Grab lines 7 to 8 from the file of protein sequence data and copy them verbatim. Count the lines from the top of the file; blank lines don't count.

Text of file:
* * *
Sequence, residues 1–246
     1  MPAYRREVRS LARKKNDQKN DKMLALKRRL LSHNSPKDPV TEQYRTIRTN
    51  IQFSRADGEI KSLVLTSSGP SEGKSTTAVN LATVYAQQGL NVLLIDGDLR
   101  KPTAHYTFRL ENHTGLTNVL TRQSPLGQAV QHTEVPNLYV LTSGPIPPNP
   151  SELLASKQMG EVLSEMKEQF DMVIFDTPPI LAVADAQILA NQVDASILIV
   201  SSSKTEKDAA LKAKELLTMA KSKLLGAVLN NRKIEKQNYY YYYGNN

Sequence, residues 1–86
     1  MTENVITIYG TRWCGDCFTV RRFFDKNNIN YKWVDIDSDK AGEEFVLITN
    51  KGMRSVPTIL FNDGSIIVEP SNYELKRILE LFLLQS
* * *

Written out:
Sequence, residues 1–86
     1  MTENVITIYG TRWCGDCFTV RRFFDKNNIN YKWVDIDSDK AGEEFVLITN